Jonathan de Boyne Pollard
In reply to this post by Gene Heskett-4
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Re: Origin of /var/run contents

Gene Heskett-4
On Saturday 03 March 2018 11:14:34 Jonathan de Boyne Pollard wrote:

> Gene Heskett:
> > Didn't anyone think of the stuff that runs as a user?
>
> They did.  They gave you a /run/user/$UID directory owned by you, and
> an XDG_RUNTIME_DIR environment variable whose value points to it that
> you use so that its location is configurable.  They also gave you a
> manual entry.
>
> *
> https://freedesktop.org/software/systemd/man/file-hierarchy.html#Runti
>me%20Data
>
> *
> https://manpages.debian.org/wheezy/systemd/file-hierarchy.7.en.html#RU
>NTIME_DATA
>
> * https://unix.stackexchange.com/questions/162900/
>
> * http://jdebp.eu./Softwares/nosh/guide/gazetteer.html#user-runtime
>
> * http://refspecs.linuxfoundation.org/FHS_3.0/fhs/ch03s15.html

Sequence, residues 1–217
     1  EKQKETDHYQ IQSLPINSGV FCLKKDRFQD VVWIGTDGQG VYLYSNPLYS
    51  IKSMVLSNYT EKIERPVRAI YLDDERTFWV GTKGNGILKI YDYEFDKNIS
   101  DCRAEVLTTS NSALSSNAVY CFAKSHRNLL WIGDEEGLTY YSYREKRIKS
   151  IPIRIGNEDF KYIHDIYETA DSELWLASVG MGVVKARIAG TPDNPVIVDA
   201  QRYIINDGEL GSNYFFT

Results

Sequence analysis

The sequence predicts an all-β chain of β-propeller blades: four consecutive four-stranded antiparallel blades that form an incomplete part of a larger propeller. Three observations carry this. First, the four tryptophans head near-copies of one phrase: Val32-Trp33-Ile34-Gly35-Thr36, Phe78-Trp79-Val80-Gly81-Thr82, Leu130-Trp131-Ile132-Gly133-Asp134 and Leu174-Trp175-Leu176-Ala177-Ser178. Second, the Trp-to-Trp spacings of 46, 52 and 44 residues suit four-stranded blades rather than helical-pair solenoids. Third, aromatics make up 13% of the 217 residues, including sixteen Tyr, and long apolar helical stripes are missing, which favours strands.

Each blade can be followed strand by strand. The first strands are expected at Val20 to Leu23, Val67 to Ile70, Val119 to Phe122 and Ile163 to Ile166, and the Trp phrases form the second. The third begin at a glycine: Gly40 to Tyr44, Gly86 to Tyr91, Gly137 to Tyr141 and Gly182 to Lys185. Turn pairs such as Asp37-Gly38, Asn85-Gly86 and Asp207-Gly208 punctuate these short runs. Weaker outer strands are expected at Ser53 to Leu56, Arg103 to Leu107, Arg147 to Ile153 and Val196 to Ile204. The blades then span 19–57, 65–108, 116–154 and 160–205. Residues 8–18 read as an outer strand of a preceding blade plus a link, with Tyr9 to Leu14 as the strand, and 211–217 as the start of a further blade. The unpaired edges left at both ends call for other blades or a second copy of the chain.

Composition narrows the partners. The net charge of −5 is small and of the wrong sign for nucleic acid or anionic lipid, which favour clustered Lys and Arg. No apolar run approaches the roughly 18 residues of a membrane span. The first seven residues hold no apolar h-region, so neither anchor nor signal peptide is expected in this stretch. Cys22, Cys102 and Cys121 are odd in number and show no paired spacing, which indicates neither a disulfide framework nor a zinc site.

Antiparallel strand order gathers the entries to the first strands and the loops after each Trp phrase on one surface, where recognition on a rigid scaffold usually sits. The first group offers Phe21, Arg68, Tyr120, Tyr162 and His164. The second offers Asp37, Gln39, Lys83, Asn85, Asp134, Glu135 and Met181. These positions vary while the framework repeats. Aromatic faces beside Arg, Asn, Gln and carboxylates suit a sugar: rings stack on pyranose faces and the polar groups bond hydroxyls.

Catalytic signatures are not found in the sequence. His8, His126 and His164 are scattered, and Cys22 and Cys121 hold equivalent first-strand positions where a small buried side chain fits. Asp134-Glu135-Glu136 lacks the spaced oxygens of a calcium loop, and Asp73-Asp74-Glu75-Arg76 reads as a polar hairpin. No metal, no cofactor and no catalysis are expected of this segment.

>
> * https://wiki.debian.org/ReleaseGoals/RunDirectory
>
> * https://bugs.debian.org/cgi-bin/bugreport.cgi?bug=635131
>
> *
> https://access.redhat.com/documentation/en-us/red_hat_enterprise_linux
>/7/html/migration_planning_guide/sect-red_hat_enterprise_linux-migratio
>n_planning_guide-file_system_layout#sect-Red_Hat_Enterprise_Linux-Migra
>tion_Planning_Guide-File_System_Layout-Changes_to_the_run_directory

I don't believe it was documented, or even existed at the time I moved my
stuff. This machine, and 3 others here, running linuxcnc, are still
wheezy. One experimental install on a pi is running jessie. And I've not
had that problem with jessie. So its possible we could both be right.
One stretch install on an arm64, not doing anything of note except
building rt kernels is also working well.


--
Cheers, Gene Heskett
--
"There are four boxes to be used in defense of liberty:
 soap, ballot, jury, and ammo. Please use in that order."
-Ed Howdershelt (Author)
Genes Web page <http://geneslinuxbox.net:6309/gene>

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Re: Origin of /var/run contents

Greg Wooledge
On Sat, Mar 03, 2018 at 12:09:54PM -0500, Gene Heskett wrote:
> On Saturday 03 March 2018 11:14:34 Jonathan de Boyne Pollard wrote:
> > Gene Heskett: